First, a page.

The mainstay of treatment in metastatic RCC is targeted therapy (cancer-specific targets or mutations are targeted), immunotherapy (medicines that boost the immunity to fight cancer ), or a combination of both approaches. Usually targeted therapy is used for favourable risk patients and the immunotherapy/ combination approach is used for intermediate/poor-risk patients. These treatment modalities have revolutionised the outcome of advanced RCC and many patients now survive beyond five years in this setting with some patients having prolonged remission (No evidence of cancer). Targeted therapy and immunotherapy should be planned under the supervision of medical oncologists.
Survivors of RCC should undergo periodic follow up with their oncologists to detect recurrences.
Role of surgery
Surgery is the removal of the tumour and some surrounding healthy tissue during an operation. If the cancer has not spread beyond the kidneys, surgery to remove the tumour may be the only treatment needed. Surgery to remove the tumour may mean removing part or all of the kidney, and possibly nearby tissue and lymph nodes.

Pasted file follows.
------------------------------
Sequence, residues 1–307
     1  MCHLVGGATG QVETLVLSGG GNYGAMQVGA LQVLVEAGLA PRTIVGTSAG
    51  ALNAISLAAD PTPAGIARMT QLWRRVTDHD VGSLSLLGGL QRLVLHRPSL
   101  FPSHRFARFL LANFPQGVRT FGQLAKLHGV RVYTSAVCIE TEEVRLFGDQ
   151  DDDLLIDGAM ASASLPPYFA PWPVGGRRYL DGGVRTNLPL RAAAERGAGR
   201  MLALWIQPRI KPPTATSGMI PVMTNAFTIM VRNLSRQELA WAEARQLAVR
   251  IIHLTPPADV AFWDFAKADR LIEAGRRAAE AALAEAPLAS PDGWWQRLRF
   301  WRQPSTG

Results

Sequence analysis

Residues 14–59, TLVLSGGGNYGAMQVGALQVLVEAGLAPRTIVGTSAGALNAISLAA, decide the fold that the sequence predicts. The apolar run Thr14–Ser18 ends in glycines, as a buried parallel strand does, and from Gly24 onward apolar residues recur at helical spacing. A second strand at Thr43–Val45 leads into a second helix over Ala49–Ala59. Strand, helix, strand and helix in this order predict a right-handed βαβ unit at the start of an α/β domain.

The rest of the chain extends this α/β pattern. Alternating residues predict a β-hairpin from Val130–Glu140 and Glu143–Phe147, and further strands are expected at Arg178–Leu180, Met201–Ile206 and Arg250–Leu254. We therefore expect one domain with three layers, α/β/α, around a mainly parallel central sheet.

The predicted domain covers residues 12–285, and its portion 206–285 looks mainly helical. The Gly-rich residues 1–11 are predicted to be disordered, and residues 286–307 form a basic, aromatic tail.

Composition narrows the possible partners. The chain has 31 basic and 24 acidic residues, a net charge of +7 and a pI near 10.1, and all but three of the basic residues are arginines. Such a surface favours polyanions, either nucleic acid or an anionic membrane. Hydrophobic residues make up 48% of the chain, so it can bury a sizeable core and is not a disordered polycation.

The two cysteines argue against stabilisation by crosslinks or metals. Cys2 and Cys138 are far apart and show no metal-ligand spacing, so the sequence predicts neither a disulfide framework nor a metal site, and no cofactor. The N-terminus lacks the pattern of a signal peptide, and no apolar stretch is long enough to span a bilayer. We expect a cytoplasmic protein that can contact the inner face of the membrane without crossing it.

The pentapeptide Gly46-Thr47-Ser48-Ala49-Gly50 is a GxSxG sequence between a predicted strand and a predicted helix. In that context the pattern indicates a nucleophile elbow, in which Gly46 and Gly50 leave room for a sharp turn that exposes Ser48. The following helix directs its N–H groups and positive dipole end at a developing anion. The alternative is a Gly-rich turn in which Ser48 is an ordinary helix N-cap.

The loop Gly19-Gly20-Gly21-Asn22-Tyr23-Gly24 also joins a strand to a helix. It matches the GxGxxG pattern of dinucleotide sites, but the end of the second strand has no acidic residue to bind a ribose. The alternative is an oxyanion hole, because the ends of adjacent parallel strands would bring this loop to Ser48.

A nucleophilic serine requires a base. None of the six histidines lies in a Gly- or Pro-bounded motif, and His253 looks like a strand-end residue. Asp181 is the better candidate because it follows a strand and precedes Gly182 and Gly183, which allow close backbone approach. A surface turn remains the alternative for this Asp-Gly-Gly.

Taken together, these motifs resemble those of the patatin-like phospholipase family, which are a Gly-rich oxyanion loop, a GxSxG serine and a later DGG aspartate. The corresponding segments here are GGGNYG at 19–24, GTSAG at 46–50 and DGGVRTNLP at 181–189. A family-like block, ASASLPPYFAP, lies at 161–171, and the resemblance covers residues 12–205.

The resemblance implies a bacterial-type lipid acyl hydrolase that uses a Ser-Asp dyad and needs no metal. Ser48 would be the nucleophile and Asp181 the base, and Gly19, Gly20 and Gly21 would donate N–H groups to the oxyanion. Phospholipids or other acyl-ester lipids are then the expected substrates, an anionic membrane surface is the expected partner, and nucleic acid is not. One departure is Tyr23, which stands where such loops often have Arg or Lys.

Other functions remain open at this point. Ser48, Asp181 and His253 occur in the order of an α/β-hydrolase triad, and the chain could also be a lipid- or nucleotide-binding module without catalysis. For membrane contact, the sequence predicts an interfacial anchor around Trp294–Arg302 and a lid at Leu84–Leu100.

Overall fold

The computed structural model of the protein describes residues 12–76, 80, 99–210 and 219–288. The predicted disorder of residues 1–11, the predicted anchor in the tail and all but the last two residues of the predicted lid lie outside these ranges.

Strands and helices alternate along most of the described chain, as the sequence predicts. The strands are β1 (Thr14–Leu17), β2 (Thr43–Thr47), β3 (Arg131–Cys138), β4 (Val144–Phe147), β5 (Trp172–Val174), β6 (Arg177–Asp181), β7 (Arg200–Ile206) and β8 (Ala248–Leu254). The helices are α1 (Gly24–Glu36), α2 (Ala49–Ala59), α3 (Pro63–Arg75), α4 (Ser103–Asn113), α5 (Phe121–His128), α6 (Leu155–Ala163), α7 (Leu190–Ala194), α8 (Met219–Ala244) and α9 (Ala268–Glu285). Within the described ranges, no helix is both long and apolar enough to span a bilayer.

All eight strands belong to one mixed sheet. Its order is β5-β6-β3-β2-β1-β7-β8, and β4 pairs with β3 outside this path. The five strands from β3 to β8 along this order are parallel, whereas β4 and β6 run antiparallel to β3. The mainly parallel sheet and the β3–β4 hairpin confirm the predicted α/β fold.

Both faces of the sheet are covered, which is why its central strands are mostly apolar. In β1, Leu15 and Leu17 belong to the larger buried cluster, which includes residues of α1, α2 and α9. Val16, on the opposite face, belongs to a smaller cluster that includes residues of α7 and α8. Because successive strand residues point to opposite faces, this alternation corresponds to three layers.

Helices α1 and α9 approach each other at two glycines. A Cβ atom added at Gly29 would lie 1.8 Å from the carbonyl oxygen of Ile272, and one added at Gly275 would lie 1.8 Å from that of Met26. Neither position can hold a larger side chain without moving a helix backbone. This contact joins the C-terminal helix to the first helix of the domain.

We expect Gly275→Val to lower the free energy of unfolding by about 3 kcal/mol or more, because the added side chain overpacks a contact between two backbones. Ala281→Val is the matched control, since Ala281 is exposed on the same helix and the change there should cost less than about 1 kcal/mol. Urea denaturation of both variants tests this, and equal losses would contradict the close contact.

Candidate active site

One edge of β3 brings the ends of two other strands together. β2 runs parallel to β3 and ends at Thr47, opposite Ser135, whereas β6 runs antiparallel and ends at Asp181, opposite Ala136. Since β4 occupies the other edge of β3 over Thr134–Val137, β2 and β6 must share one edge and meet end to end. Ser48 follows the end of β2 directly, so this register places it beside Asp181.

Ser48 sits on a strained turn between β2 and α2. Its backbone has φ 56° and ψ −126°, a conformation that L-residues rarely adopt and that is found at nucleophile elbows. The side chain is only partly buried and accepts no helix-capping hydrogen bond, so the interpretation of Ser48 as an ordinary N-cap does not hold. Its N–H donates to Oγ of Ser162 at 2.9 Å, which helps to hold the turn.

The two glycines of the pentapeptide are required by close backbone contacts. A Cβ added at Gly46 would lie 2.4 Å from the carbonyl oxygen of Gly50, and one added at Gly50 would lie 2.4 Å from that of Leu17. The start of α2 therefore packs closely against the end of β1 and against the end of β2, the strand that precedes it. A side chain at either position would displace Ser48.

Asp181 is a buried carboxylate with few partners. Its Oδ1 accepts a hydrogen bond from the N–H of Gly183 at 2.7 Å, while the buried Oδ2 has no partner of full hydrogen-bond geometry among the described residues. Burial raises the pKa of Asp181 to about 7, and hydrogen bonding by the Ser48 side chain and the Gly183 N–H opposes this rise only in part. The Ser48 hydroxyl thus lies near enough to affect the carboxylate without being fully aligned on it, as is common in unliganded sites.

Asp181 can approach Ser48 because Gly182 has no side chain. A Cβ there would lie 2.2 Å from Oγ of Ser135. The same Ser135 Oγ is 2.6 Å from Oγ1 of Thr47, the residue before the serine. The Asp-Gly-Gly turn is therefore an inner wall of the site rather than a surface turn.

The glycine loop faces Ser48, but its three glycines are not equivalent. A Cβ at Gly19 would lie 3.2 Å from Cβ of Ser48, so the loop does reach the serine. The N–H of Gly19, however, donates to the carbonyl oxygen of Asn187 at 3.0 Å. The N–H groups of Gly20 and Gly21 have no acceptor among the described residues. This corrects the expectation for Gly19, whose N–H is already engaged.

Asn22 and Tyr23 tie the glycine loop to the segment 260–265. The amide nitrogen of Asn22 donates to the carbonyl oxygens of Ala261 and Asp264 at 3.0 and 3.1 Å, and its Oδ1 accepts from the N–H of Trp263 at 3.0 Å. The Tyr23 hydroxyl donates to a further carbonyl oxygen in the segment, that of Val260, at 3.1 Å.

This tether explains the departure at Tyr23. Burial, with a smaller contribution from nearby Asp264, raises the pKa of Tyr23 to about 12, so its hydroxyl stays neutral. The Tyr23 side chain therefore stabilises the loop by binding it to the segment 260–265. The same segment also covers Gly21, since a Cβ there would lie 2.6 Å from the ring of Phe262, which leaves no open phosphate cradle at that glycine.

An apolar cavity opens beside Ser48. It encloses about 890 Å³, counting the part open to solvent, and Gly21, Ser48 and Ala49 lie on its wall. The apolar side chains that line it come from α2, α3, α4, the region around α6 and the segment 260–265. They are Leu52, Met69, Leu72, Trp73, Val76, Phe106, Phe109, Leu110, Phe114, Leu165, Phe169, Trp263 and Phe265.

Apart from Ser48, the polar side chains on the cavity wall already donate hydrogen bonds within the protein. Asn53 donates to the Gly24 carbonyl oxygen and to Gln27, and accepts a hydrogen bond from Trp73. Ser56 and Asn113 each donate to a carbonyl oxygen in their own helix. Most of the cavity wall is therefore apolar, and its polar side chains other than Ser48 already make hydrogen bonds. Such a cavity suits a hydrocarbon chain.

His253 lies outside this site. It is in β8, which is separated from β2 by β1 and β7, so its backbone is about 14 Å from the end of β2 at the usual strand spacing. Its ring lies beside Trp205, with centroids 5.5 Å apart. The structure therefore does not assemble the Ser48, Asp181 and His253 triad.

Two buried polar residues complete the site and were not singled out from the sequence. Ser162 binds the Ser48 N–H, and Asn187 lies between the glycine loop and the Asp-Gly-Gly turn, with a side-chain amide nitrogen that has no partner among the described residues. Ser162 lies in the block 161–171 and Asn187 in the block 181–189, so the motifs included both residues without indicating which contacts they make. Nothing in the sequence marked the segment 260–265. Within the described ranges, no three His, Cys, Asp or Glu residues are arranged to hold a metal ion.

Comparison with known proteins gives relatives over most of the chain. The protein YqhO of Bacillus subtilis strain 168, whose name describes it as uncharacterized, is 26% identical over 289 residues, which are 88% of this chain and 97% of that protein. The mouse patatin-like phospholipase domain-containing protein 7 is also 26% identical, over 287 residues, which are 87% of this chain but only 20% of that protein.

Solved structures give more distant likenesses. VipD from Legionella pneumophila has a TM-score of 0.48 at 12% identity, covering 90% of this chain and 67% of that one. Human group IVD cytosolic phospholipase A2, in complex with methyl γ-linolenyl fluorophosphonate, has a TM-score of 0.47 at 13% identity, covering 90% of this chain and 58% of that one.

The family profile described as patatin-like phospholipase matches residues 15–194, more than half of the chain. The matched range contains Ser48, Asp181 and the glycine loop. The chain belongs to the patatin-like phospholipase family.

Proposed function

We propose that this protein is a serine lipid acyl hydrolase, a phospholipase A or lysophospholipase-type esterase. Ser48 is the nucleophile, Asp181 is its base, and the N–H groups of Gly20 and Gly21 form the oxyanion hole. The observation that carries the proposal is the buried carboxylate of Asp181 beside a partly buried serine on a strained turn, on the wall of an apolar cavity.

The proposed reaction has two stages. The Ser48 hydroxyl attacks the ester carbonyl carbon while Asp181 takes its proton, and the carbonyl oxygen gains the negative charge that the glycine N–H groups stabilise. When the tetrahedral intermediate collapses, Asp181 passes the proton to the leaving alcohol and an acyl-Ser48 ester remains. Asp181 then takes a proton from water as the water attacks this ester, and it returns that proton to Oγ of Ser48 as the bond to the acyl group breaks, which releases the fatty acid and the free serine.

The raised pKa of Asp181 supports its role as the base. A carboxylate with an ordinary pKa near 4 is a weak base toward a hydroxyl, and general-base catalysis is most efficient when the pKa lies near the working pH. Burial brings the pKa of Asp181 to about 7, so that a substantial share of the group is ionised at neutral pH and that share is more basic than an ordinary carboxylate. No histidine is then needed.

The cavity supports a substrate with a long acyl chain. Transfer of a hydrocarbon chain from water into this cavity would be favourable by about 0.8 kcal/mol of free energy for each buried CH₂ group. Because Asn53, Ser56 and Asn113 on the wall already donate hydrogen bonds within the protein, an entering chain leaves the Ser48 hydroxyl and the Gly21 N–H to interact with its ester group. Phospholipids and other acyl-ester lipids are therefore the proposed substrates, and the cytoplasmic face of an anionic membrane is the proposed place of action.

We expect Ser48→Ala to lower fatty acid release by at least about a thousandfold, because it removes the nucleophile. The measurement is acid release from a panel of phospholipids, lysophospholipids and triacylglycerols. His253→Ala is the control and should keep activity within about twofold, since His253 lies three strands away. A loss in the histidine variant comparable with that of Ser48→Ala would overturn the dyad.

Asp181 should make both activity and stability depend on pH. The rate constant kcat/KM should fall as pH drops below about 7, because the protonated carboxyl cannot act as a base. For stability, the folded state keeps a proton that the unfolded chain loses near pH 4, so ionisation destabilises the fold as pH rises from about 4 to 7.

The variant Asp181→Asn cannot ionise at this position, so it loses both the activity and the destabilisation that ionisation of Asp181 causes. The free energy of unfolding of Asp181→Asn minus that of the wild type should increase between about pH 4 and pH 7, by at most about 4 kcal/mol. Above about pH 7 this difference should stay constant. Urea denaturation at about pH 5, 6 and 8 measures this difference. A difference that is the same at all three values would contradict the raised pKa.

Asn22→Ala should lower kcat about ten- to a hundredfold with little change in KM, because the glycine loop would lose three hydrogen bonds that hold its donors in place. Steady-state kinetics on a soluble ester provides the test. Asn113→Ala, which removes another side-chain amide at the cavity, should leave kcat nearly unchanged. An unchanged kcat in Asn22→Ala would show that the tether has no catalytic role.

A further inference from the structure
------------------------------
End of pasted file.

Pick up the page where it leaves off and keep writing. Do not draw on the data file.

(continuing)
Types of surgery used for kidney cancer include the following procedures:
Radical nephrectomy. Surgery to remove the tumour, the entire kidney, and surrounding tissue is called ‘radical nephrectomy’. If nearby tissue and surrounding lymph nodes are also affected by the disease, radical nephrectomy and lymph node dissection are performed. During a lymph node dissection, the lymph nodes affected by the cancer are removed. If cancer has spread to the adrenal gland or nearby blood vessels, the surgeon may remove the adrenal gland during a procedure called ‘adrenalectomy’, as well as parts of the blood vessels.
A ‘radical nephrectomy’ is usually recommended to treat a large tumour when there is not much healthy tissue remaining. Sometimes, the renal tumor grows directly inside the renal vein and enters the ‘vena cava’ on its way to the heart. If this happens, complex cardiovascular surgical techniques are needed.
Partial nephrectomy. A partial nephrectomy is the surgical removal of the tumour. This type of surgery preserves kidney function and lowers the risk of developing chronic kidney disease after surgery. Research has shown that partial nephrectomy is effective for T1 tumors whenever surgery is possible. Newer approaches that use a smaller surgical incision, or cut, are associated with fewer side effects and a faster recovery.